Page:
ABSTRACT: The activity of a 100–110-Kd immunosuppressive fraction (ISF), isolated from boar seminal plasma, was investigated in mice. In vitro, this fraction was found to inhibit a unidirectional mixed lymphocyte response and cell-mediated lymphocytotoxicity, as well as antisheep red blood cells (T-dependent) and antitrinitrophenylated lipopolysaccharide (T-independent) responses. The ISF also inhibited the macrophage phagocytosis of erythrocytes coated with IgG antibodies, but it did not suppress the natural killer activity. In vivo, ISF was found to lower both the primary responses to T-dependent and to T-independent antigens.
Trypsin or pronase digestion of ISF provided active molecules of 30 Kd or 2–5 Kd respectively, thus showing that the activity is due to a protein.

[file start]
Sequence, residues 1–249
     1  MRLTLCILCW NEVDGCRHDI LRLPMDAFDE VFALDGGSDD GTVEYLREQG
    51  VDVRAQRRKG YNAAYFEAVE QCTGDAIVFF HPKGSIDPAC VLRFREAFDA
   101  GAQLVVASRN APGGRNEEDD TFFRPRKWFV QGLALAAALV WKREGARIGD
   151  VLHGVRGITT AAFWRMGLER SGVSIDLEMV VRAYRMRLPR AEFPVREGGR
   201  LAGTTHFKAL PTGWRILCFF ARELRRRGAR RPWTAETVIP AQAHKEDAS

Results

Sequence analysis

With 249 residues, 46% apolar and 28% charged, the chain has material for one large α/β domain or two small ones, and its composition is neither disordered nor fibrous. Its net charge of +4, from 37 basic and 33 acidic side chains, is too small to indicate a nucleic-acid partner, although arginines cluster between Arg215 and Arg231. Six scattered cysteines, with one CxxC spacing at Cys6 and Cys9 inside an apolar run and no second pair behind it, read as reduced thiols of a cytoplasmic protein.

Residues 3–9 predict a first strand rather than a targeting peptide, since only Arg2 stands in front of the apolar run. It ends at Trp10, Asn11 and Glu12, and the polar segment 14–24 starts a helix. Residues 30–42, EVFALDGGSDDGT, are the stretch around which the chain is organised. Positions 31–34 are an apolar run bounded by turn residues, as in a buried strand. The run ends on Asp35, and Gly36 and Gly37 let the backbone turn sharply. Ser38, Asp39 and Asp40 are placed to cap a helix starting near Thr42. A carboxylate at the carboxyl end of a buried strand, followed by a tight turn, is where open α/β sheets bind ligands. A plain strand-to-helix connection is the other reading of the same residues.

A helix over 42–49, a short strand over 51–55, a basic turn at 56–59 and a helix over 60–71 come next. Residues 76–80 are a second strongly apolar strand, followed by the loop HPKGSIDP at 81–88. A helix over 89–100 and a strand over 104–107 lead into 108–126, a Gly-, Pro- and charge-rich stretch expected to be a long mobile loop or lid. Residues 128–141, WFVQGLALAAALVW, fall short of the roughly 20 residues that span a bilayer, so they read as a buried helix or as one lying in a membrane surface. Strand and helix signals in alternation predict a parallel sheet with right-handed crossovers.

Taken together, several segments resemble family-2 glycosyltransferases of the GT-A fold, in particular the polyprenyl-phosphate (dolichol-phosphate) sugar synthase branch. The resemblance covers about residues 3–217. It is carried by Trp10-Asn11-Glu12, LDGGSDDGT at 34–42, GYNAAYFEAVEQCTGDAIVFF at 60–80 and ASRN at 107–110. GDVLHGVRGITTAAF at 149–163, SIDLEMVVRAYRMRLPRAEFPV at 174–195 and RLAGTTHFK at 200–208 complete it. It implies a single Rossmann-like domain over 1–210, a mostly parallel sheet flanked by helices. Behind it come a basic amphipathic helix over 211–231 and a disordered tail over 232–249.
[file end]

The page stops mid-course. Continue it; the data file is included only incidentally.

This ISF factor, capable of suppressing a wide variety of immune functions and remaining active after cleavage by proteases, could play a role in the lack of immune response against the spermatozoa present in the sow genital tract after intercourse. The use of this factor as a therapeutic agent in humans could eventually be considered after further molecular characterization.